The building was constructed between 1884 and 1894, mainly funded with wartime reparation money from France, a result of Prussia's defeat of France in 1871. The famous inscription 'Dem Deutschen Volke' (To the German People) was added later, in 1916, by emperor Wilhelm II. The bronze letters were cast from seized French cannons.
Reichstag-Dome

Reichstag Dome
Historic Symbol
In 1933 fire broke out in the building, destroying much of the Reichstag. It is to date still unclear who started the fire, but the Communists were blamed. It gave a boost to Hitler's Party, the NSDAP, who would soon come to power.

The building was damaged even more at the end of the war, when the Soviets entered Berlin. The picture of a Red Army Soldier raising the Soviet flag on the Reichstag is one of the most famous 20th century images and symbolized Germany's defeat.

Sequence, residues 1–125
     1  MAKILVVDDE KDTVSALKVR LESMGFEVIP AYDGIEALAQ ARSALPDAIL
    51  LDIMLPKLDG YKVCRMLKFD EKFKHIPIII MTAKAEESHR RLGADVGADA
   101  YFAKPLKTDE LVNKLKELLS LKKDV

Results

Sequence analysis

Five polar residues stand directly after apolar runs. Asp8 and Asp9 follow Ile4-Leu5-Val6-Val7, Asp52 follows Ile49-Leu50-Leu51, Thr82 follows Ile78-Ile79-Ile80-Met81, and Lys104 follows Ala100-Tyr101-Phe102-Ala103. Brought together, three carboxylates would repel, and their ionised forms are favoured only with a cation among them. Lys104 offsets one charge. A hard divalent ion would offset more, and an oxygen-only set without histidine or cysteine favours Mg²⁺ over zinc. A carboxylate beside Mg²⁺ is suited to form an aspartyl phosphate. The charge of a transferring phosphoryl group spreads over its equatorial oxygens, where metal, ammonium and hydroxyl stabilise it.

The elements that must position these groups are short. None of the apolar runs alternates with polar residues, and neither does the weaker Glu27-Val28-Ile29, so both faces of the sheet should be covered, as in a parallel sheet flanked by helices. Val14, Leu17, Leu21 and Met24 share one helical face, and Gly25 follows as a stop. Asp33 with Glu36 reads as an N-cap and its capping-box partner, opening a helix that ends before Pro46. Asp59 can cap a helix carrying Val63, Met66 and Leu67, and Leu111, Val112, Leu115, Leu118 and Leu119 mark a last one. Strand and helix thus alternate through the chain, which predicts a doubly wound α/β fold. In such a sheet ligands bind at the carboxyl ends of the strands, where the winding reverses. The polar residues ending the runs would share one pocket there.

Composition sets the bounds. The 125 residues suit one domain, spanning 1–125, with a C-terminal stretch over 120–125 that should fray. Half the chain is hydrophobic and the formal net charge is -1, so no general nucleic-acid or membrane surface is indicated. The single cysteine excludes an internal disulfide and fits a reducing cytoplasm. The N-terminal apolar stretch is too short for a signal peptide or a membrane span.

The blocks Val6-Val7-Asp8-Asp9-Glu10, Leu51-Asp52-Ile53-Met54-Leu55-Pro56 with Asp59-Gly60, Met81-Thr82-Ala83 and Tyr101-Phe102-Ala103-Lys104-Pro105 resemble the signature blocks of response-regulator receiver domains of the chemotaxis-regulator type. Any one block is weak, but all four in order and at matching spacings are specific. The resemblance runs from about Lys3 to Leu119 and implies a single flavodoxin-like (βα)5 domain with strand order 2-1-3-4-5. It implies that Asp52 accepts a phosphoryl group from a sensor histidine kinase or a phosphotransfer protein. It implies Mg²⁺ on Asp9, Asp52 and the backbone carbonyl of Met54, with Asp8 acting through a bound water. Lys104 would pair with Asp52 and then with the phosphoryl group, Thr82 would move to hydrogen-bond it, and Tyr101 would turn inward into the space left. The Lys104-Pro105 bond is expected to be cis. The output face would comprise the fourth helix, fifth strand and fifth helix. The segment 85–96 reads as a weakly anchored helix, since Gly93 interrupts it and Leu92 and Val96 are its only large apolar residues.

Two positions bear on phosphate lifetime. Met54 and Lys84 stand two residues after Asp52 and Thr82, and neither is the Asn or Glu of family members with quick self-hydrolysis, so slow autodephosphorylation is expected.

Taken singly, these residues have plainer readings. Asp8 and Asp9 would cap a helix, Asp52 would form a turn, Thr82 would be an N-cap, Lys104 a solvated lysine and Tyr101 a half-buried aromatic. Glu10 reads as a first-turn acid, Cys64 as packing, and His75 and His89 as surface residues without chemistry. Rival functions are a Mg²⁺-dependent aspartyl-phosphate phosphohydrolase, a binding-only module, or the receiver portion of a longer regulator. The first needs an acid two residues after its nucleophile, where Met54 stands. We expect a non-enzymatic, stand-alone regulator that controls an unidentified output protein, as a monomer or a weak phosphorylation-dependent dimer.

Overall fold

Glass dome

View-inside-from-the-top-of-the-dome-Reichstag

View inside from the top of the dome of the Reichstag

Inside-the-Reichstag-Dome
 Inside the Reichstag Dome
The-spiraling-walkways-the-dome-of-the-Reichstag
 The spiraling walkways in the dome of the Reichstag
 Oculus-of-the-Reichstag-Dome
 Oculus of the Reichstag Dome
After the war, the Reichstag ended up in West Berlin, right near the Berlin Wall. It was reconstructed between 1958 and 1972 but the central dome and most of the ornamentation were removed. During Berlin's division the West German parliament assembled here once a year as a way to indicate that Bonn was only a temporary capital. After the unification the decision was soon made to move the Bundestag (Germany's Parliament) from Bonn to Berlin.
This decision resulted in a renovation which started in 1995 and was completed in 1999.

The design by Sir Norman Foster added a glass dome over the plenary hall. At first the subject of much controversy, the dome has become one of the city's most recognized landmarks.
Since April 1999, the Reichstag is once again the seat of the Bundestag. A part of the Reichstag is open to the public. An elevator brings you to the building's roof and you can even walk all the way to the top of the dome via a spiral walkway.